Since our everyday practical actions are based on identity in some capacity, meaning the ways we relate to the world, these symbols take on a different weight. The symbols accompanying the presidential institution create an emotional connection between me as a resident and the state where I belong to. These provide the necessary sense of community that is an essential precondition for any kind of delimitation and implementation of social activities.1
Often times, a "failure" in the symbolic system is perceived as an infringement of the established connection between citizen and state. When president Kersti Kaljulaid came to swear in the new Riigikogu wearing a sweatshirt or when she was spotted on a ferry wearing rubber boots, some people perceived it as a violation of the established symbolic image of the president.
At the same time, the symbolic power accompanying the presidential office gives these unusual actions a symbolic dimension.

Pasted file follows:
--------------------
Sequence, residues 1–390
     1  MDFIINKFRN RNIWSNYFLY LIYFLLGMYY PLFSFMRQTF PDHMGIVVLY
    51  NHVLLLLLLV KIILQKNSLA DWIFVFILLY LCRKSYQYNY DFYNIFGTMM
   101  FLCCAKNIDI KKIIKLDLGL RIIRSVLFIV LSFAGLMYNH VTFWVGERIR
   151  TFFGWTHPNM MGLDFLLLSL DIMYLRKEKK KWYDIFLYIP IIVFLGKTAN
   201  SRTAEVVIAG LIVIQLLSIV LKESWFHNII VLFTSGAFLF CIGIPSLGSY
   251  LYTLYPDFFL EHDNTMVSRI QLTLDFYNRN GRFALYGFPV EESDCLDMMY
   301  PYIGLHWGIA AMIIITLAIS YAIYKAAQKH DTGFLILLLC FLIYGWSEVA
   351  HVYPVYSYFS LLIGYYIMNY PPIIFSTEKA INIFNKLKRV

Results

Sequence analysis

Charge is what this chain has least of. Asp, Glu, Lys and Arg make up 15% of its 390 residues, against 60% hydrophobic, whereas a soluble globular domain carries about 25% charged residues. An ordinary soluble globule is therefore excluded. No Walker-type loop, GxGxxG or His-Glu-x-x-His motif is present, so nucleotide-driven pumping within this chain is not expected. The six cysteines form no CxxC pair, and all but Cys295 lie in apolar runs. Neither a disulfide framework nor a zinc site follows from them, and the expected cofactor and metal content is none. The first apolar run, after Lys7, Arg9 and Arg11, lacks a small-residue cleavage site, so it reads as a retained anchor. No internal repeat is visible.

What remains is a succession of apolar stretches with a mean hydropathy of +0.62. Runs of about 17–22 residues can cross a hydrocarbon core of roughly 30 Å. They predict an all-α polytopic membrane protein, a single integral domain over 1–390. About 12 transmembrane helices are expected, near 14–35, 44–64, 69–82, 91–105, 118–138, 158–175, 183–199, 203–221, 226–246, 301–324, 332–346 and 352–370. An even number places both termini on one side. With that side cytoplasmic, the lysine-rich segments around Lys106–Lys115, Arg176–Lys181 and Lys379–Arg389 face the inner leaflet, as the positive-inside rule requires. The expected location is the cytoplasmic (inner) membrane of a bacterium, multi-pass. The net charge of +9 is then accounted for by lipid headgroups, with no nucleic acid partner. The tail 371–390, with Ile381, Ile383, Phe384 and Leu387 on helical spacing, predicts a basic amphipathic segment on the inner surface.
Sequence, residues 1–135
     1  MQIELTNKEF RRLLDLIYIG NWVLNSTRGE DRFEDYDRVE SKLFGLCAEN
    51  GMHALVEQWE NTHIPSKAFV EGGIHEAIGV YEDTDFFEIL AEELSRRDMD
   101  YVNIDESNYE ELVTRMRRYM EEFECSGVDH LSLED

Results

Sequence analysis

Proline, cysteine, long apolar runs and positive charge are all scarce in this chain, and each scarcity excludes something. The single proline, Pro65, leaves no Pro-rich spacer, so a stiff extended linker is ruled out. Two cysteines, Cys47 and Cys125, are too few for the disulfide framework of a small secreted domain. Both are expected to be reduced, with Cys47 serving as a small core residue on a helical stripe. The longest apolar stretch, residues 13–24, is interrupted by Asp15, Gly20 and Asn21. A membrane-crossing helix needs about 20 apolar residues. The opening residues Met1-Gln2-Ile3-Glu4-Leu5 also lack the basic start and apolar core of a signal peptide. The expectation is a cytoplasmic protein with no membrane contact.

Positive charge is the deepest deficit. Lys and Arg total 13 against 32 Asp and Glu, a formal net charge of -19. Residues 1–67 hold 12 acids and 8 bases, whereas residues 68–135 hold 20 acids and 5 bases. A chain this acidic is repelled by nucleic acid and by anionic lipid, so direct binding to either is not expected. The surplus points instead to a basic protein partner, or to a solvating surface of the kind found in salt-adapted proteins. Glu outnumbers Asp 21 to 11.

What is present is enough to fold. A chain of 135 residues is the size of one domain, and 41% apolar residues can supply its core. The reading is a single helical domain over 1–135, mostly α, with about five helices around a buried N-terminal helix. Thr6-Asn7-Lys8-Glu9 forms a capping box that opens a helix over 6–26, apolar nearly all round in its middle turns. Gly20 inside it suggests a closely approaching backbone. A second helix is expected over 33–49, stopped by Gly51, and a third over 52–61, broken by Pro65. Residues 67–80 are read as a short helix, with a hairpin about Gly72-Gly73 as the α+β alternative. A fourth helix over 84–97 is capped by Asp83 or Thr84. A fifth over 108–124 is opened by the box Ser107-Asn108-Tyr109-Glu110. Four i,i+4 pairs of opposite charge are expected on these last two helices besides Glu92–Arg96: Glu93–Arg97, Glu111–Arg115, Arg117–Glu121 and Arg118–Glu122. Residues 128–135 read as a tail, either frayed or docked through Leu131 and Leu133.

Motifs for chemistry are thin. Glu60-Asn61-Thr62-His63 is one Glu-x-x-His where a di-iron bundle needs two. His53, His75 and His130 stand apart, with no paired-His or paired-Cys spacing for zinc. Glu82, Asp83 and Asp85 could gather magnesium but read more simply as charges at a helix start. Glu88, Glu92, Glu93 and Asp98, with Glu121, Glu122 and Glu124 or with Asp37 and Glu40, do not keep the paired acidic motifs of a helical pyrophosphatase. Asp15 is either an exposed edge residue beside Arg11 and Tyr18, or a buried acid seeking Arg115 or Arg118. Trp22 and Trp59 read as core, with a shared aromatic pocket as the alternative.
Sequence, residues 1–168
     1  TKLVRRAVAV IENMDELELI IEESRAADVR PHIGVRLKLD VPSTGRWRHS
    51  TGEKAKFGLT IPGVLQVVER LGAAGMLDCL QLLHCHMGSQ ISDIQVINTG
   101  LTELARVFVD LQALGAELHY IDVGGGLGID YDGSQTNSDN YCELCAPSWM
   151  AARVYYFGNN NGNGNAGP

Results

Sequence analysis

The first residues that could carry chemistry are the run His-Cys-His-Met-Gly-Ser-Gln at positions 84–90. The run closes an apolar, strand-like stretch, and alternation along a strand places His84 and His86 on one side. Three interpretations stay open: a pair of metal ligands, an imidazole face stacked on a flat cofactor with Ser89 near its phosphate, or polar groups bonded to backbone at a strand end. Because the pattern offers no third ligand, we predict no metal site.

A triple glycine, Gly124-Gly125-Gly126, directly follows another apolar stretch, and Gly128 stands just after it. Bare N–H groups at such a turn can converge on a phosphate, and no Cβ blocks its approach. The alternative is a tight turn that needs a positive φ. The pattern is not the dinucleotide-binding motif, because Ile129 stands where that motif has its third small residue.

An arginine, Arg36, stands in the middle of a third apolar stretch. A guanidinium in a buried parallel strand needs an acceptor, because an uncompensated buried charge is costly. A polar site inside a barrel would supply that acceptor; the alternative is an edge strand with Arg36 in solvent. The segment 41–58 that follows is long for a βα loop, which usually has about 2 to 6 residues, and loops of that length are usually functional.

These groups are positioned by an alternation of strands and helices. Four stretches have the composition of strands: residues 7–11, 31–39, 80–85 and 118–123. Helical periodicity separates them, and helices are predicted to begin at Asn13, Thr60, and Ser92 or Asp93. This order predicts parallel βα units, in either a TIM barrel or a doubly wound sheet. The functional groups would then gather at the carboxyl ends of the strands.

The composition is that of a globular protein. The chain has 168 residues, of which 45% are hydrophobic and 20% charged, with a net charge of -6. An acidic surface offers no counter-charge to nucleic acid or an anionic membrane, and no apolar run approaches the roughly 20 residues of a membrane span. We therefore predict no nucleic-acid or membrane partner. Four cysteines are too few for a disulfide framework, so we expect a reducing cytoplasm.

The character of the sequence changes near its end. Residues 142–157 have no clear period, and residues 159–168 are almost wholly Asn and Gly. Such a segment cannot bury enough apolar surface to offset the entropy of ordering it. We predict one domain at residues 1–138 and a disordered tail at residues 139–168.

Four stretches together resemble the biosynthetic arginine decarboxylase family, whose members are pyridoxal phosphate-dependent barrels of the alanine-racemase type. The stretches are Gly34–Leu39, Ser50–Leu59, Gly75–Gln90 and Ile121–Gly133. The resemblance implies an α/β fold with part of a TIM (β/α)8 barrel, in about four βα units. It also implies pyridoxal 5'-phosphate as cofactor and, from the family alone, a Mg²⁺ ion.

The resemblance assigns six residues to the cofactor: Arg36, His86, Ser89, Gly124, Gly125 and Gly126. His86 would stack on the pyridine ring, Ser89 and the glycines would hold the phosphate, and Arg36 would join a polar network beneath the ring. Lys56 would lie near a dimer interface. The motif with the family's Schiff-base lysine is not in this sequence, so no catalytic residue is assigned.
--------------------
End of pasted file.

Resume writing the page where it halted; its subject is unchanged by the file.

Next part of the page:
Communications expert Raul Rebane has noted that a press conference given by president Lennart Meri on March 27 1997 in the bathroom of Tallinn Airport is still being brought up in public relations textbooks as a particularly good example of the effective use of symbolic power. The president's act, which seemed unusual at first (press conferences are not usually held in bathrooms, especially ones involving a president), turned into an act with symbolic value, since it changed peoples' behavior and attitude.